Tag Archives: FAQs

New IdahoWorks FAQ for Job Seekers

The Idaho Department of Labor is launching a new IdahoWorks on Monday, June 15. IdahoWorks is the free online system job seekers use to find jobs, create resumes and profiles that can be matched to employers and career exploration options. ​

In order to launch the new system, the job search, job posting and the unemployment insurance systems will be temporarily unavailable starting at 6 p.m. Wednesday, June 10 until 7 a.m. Monday, June 15. Read our FAQs for unemployment insurance claimants for more information on how the downtime affects the filing process.

Q. What is the new IdahoWorks?

A. It is a user-friendly Web-based workforce development system that connects job seekers to jobs, employers to qualified talent and workforce professionals to tools that improve efficiency and employment outcomes. It is powered by the America’s Job Link Alliance. Continue reading

New IdahoWorks FAQ for Employers

Beginning in mid-June 2015, the Idaho Department of Labor is launching a new IdahoWorks, the free online system businesses use to post jobs and recruit workers. ​As the launch date nears, more information will be added to this list, so please check back often.

In order to launch the new system, the job search, job posting and the unemployment insurance systems will be temporarily unavailable starting at 6 p.m. Wednesday, June 10 until 7 a.m. Monday, June 15. 

Q. What is the new IdahoWorks?

A. It is a user-friendly Web-based workforce development system that connects job seekers to jobs, employers to qualified talent and workforce professionals to tools that improve efficiency and employment outcomes. It is powered by the America’s Job Link Alliance. Continue reading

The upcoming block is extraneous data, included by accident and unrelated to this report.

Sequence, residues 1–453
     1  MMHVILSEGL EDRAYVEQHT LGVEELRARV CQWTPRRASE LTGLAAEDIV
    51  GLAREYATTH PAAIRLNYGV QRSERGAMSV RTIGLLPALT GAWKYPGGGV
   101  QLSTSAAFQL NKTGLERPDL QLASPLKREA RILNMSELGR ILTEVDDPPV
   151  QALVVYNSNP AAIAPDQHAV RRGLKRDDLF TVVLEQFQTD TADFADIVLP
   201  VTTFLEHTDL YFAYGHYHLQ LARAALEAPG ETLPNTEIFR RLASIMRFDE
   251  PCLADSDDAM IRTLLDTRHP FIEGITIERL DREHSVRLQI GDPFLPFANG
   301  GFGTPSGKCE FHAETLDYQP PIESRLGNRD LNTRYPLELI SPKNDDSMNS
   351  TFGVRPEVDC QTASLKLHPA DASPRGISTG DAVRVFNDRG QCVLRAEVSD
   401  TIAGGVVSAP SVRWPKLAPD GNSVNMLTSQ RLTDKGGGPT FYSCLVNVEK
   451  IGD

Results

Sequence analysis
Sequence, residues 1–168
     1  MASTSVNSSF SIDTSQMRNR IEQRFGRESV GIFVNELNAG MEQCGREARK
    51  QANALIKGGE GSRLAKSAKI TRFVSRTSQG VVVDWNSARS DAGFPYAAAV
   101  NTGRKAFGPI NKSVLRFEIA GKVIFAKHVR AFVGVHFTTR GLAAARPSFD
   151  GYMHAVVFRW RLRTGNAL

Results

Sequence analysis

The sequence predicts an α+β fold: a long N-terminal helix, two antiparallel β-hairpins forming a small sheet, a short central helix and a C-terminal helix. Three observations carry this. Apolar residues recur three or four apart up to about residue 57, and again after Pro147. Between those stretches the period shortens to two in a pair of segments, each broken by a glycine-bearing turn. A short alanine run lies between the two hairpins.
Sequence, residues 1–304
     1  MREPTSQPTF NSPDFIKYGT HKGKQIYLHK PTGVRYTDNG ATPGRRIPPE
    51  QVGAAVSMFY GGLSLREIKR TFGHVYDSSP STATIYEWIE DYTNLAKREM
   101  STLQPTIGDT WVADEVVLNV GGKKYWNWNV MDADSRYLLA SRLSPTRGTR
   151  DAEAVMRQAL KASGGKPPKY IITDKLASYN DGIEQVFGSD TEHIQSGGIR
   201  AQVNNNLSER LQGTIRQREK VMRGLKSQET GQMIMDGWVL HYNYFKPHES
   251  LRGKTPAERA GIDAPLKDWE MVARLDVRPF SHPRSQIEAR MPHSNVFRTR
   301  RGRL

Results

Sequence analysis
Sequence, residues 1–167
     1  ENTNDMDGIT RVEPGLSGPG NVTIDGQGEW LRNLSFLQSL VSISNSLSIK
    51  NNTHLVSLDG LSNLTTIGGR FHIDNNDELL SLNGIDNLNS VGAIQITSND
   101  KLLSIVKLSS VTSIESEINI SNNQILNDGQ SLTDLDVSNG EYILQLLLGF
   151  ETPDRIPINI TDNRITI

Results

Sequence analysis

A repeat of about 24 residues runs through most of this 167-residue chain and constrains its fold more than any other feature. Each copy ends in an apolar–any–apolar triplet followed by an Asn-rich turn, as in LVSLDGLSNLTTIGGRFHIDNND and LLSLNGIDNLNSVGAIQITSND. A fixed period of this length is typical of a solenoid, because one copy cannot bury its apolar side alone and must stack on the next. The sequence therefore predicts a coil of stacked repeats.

FAQ Friday – Unemployment extensions are ending. What can I do to prepare?

A: You are correct; extended unemployment insurance benefits are scheduled to end December 30, 2012, which means no more extended benefit payments each week.

Job fairs are only one of several free services offered by 25 Labor offices located throughout the state. This photo is from a job fair held this fall at the Idaho Center in Nampa.

We all know winter is a tough time to be looking for work in Idaho, which is why now is a good time to take advantage of the many Labor services available to help you find a job:

  • Résumés that highlight your skills, knowledge and abilities;
  • Training resources to help upgrade your skills;
  • Job interview assistance including how to organize your thoughts and present yourself as a strong, confident candidate;
  • Answering difficult questions about your work history;
  • Overcoming barriers you think may be preventing you from getting hired; and
  • Using social media to network your way into your next job.

All of these services and more – like job clubs, professional networking groups and every workshop we offer – are available to the public at no cost.

Yes, a good job can still be hard to find in today’s economy, but we see new job listings every day, so give us a call or visit your nearest local office.

FAQ Friday – Why do I have to wait a week to receive unemployment insurance benefits?

Everyone who files for unemployment insurance in Idaho is required to serve one waiting week and will not receive benefits for that week.